But it's not. Or, rather, I am guessing it's not. I wouldn’t know, because no one in the food press has told me otherwise, and if we’re paying people to be food writers, I shouldn’t have to do the work myself. Let's do some simple math: New York has 8 million people living in it. As of 2000, 36 percent of its residents were born in a foreign country (and those are the ones who are documented). Those people are bringing amazing food cultures to the city, and we're not hearing about them. Snobby Californians always make the claim that you can't find good Mexican food in New York. I find it utterly impossible to believe that each of New York’s 300,000 Mexicans are all wandering around cursing their luck at having settled in a city with 299,999 other Mexicans who also can’t cook. They are eating somewhere, and it's delicious, and I want to eat there, too. Sadly, my local food press keeps me gorged on a diet entirely made up of overpriced whole roasted fish and local mustard greens—the same meal I've had at countless, vaguely rustic-looking restaurants across Manhattan and northern Brooklyn. Why? Because food writers are White People, too. And why risk a dodgy taco at the end of a 45-minute train ride when there is the beckoning hearth of another White Person restaurant with a familiar chef just around the corner?
If you read The New York Times's weekly starred restaurant reviews over the last year, you would have been directed out of an area between 125th street and the Battery exactly five times. Of those five, only one is not in Williamsburg, Greenpoint, Park Slope, or Carrol Gardens. Congratulations to Tanoreen (which is excellent, by the way). Reviewer Sam Sifton's 15 best meals of 2010 included one Williamsburg restaurant amid the 14 lower Manhattan choices. New York Magazine's Adam Platt's "Where to Eat in 2010" featured a grand total of 2 restaurants outside that zone (excepting a generous separate list dedicated to Brooklyn restaurants, all happily ensconced in those same four neighborhoods).Want to venture outside that comfort zone? You're on your own.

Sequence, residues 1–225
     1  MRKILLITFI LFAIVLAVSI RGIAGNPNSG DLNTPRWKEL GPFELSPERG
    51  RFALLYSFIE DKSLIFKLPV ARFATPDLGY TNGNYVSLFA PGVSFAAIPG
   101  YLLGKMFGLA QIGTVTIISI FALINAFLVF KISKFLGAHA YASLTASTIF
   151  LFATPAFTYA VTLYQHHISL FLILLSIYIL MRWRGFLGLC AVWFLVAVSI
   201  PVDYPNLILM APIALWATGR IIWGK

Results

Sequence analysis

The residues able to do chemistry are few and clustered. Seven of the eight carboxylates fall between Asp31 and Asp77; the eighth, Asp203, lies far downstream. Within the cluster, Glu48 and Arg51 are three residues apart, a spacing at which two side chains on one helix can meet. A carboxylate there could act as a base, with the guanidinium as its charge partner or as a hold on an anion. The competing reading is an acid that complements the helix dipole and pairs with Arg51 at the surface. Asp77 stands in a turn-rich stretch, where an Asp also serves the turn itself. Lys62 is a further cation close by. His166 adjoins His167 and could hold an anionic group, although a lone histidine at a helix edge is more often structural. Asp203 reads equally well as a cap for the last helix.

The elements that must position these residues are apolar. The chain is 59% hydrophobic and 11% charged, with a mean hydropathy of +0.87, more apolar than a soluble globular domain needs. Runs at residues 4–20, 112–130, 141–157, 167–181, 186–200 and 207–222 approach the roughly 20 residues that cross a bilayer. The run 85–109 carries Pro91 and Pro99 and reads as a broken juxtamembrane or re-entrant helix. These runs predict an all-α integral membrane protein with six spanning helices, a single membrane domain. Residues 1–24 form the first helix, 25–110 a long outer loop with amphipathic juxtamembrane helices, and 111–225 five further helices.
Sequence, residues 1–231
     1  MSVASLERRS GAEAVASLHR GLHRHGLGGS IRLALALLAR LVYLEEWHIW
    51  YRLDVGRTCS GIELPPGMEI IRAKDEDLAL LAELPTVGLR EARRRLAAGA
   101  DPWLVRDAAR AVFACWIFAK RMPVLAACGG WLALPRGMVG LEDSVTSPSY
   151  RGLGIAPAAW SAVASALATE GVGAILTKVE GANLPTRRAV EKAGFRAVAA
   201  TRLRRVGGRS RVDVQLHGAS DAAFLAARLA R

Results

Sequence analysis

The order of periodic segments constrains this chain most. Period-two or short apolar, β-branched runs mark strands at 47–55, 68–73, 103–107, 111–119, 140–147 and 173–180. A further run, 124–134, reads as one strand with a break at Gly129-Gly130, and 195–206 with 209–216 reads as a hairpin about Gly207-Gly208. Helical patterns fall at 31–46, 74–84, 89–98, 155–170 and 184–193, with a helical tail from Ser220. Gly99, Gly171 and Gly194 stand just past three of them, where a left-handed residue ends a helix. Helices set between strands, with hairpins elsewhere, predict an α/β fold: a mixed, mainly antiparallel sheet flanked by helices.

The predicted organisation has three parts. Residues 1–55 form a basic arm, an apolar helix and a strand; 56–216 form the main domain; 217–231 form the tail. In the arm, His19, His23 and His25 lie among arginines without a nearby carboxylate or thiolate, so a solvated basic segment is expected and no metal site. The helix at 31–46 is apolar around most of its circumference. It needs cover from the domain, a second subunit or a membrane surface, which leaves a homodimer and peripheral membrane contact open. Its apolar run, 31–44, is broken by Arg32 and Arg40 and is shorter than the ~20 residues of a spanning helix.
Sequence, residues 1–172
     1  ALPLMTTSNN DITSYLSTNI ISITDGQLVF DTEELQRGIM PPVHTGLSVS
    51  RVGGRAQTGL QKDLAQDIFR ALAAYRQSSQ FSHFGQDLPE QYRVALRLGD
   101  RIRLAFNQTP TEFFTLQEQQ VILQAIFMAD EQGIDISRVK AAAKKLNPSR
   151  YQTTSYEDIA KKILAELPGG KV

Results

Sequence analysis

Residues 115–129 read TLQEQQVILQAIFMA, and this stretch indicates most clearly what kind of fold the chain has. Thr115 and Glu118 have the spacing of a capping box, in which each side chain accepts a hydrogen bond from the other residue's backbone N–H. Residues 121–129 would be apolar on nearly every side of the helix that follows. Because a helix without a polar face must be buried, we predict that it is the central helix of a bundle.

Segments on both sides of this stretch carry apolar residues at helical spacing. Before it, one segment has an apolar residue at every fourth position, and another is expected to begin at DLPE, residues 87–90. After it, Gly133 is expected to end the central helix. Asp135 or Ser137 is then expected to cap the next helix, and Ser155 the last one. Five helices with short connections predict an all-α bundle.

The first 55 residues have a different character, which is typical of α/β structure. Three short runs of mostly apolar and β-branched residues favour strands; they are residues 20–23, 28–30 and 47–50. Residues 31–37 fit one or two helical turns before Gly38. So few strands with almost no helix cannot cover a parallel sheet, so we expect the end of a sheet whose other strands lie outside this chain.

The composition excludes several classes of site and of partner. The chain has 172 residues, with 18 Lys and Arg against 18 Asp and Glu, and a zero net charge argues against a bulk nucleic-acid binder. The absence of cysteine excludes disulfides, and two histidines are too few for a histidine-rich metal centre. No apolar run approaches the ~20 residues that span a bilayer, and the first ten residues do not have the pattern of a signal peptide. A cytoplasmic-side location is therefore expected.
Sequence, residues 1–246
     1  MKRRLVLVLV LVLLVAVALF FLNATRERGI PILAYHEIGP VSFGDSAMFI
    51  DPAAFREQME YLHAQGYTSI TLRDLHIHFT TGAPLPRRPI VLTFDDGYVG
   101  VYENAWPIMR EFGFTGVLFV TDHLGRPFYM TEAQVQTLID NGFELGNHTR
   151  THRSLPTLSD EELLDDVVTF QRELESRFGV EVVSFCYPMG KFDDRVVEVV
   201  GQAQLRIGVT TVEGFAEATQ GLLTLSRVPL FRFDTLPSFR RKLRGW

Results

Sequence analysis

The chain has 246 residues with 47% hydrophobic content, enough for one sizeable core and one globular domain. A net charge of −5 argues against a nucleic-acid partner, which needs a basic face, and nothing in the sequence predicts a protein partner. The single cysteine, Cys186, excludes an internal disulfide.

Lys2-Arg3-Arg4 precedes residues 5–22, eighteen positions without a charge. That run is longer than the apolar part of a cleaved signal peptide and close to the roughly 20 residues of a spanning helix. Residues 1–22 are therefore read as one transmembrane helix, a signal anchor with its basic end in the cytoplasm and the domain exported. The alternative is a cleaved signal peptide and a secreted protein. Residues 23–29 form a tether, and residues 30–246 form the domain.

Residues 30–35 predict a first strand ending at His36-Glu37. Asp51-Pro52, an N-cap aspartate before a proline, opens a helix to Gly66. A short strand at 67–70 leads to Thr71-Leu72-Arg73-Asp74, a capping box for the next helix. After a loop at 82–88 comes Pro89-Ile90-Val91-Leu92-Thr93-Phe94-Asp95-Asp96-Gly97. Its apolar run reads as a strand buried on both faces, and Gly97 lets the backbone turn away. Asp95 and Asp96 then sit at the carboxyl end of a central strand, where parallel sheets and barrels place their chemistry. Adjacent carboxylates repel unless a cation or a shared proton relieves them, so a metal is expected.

Now, the counter argument would be that food writers are simply playing to their audience. Most of the readers of these publications live in the parts of the city where most of the new, review-worthy restaurants serve White People Food. But it's all part of a cycle: White People Food is a prevailing trend because every hot new restaurant serves it, and restaurants are hot because they are reviewed. The only person with the power to break that cycle is the adventurous reviewer. If the restaurants reviewed were tiny taco spots in Queens, then maybe we would all be doing a little more adventuring, in our lives and with our palates.
This problem has been solved, at least partially, in Los Angeles, where Jonathan Gold has been cataloging the city's ethnic edibles for years. But New York lags behind. Robert Siestema has done an excellent job in the Village Voice for years, as does the Times's "$25 and Under" column (though let’s not get started on how often you could actually construct a filling meal for $25 at the places they choose). But none of these options approach what would happen to food culture if Sifton or Platt strolled into a new Somali joint on Staten Island.
So, I would challenge the reviewers and bloggers to think more of us, their readers. We have fallen into a rut of White People Food because we are lazy and we go where we’re led. Reviewers should be above that; they should push the envelope a little. We'll follow. And it will be delicious, and we’ll thank them. For the indignant White People out there, think of it this way: It's just as easy to be smug about going to the new, especially authentic Thai place as it is to be smug about how close to you that cow was raised. And I have a feeling that it's the potential for smugness, not the politics or the taste, that made us all like White People Food in the first place.